Ameer Vann: Exactly, that’s how I want to be like my idols – (by being) myself. I didn’t feel like I was being completed by music until I started making music that was really personal to me, and until I treated a song like a diary.

Merlyn Wood: I never thought I changed my style or my sound or what I rapped about, but I always felt like, ‘I’m not a gangster, I’m not from Compton like Kendrick is, so people aren’t going to think this is hot...’ I would just go with it until I met these kids. And then it was like, ‘Obviously, you can make cool stuff without having to resort to those kinds of cliches.’

Romil Hemnani: The same way we identify with these people we look up to, we identify with each other, because when we met we were like, ‘OK, wow, there are people my age who come from a similar background to me, who see the world the same way I do, and that’s very reassuring and comforting. Just from, you know, growing up and being a teenager and struggling to find yourself, things like that.

“One space where society doesn’t think it’s OK for men to be emotional is (in our) insecurities. It’s seen as a sign of weakness as a man to be insecure, to want to cry or look for acceptance from another man” – Romil Hemnani, Brockhampton

Yeah, I’m no gangster, and that’s where I feel a disconnect with a lot of what’s on the radio. They’re bangers, but they’re not singing about my life. That’s what I feel like Brockhampton does.

Ameer Vann: People are really obsessed with reality nowadays. People love reality TV and they go on social media so they can see what other people are doing and how other people are living.

Merlyn Wood: That is not reality, though.

Ameer Vann: It’s like fast-food reality.

Kevin Abstract: Fabricated reality.

Ameer Vann: It’s something that’s been produced just to have for the now, to satisfy whatever you want for the now. But when you make music that’s based in reality, it’s forever. And I think that’s why the things we do are special, because it comes from a real place. Everything is so literal. JOBA’s a real person, if you listen to his music you’re gonna know way more about him listening to his album than you would if he could tell you everything that he’s been through, all his past relationships. You can listen to the album and be like, ‘Wow, I understand this person, I know where he’s coming from. Not only do I know his personality traits, I know what’s going on in his head, what’s going on in his heart.’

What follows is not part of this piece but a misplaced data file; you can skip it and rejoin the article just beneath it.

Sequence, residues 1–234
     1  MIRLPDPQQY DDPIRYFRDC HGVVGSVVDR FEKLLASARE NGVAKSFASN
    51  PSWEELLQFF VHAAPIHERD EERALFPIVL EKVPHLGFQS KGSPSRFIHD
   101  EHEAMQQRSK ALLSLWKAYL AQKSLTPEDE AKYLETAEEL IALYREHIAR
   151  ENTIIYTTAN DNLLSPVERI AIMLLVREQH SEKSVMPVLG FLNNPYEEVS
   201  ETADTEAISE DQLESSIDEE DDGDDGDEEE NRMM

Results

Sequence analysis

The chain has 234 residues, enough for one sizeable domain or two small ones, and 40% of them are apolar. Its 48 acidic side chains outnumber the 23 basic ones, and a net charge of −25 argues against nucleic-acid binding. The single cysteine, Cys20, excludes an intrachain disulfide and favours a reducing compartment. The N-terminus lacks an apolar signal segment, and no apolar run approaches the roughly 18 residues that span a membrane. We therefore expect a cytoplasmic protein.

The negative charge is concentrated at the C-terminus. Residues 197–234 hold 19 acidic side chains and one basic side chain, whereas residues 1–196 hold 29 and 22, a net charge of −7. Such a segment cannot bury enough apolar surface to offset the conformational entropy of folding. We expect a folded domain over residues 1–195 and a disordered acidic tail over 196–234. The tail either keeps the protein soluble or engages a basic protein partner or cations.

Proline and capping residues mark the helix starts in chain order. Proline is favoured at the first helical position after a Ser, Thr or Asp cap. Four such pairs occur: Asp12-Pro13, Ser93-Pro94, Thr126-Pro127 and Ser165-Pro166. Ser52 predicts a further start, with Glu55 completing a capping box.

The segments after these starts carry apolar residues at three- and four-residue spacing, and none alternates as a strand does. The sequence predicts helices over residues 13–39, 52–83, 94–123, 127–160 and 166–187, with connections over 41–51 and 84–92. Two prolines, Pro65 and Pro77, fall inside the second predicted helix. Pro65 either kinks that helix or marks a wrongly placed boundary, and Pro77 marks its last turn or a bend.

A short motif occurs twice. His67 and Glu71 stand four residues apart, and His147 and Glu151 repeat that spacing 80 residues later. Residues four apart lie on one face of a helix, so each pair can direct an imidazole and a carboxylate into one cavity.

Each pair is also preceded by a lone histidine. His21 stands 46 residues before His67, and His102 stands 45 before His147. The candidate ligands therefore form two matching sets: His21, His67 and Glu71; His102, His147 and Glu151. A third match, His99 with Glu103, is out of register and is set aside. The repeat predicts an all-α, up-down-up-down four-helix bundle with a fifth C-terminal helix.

Do you feel like rap music is changing?

Merlyn Wood: Yeah, I look at us and I’m like, ‘Yo, rap is definitely changing.’

Ameer Vann: I feel like we’re the driving force behind that.

JOBA: I don’t think Lil Yachty could have been popular four years ago.

Merlyn Wood: Or ten years ago! Lil Yachty would have been laughed off every stage he was on if he went on stage ten years ago.

Kevin Abstract: OK, then we have to start talking about the people who have come before him to make Lil Yachty possible.

Romil Hemnani: Yeah, like Kanye West, Lil B, Odd Future...

Ameer Vann: Everybody that was weird.

“I didn’t feel like I was being completed by music until I started making music that was really personal to me, and until I treated a song like a diary” – Ameer Vann, Brockhampton

Romil Hemnani: (Kevin) made a really interesting point the other night. He said that Kanye West paved the way for a lot of black artists who are kind of leftfield.

Ameer Vann: Yeah, the hottest rapper before Kanye was 50 Cent.

Kevin Abstract: I mean, there were always those like, conscious rappers, but there was no one else that did more than him.

Ameer Vann: Absolutely, and then he came with a poloneck and Louis Vuitton backpack, talking about the perspective of a young black person of that time.

Kevin Abstract: It’s not even just what he was talking about. It was how he felt sonically and how that made people feel. But it was also filling a void.

Are you guys trying to fill a void?

Kevin Abstract: I think artists don’t care any more. A lot of shit sounds the same.

Ameer Vann: Everything sounds the same, you could play four different artists that people like now and they will probably sound the same.

Ameer Vann: I think that the reason why Brockhampton came together so easily is there are way more kids like us – way more kids than the kids in this room – that feel the exact same way. They may not necessarily be able to make music or get on their computer and find a way to express themselves, so we kind of do it for them... That’s the friend we found in Frank Ocean, that’s the friend we found in Kanye West, that’s the friend we found in Tyler, the Creator. We’re trying to be that friend to everybody.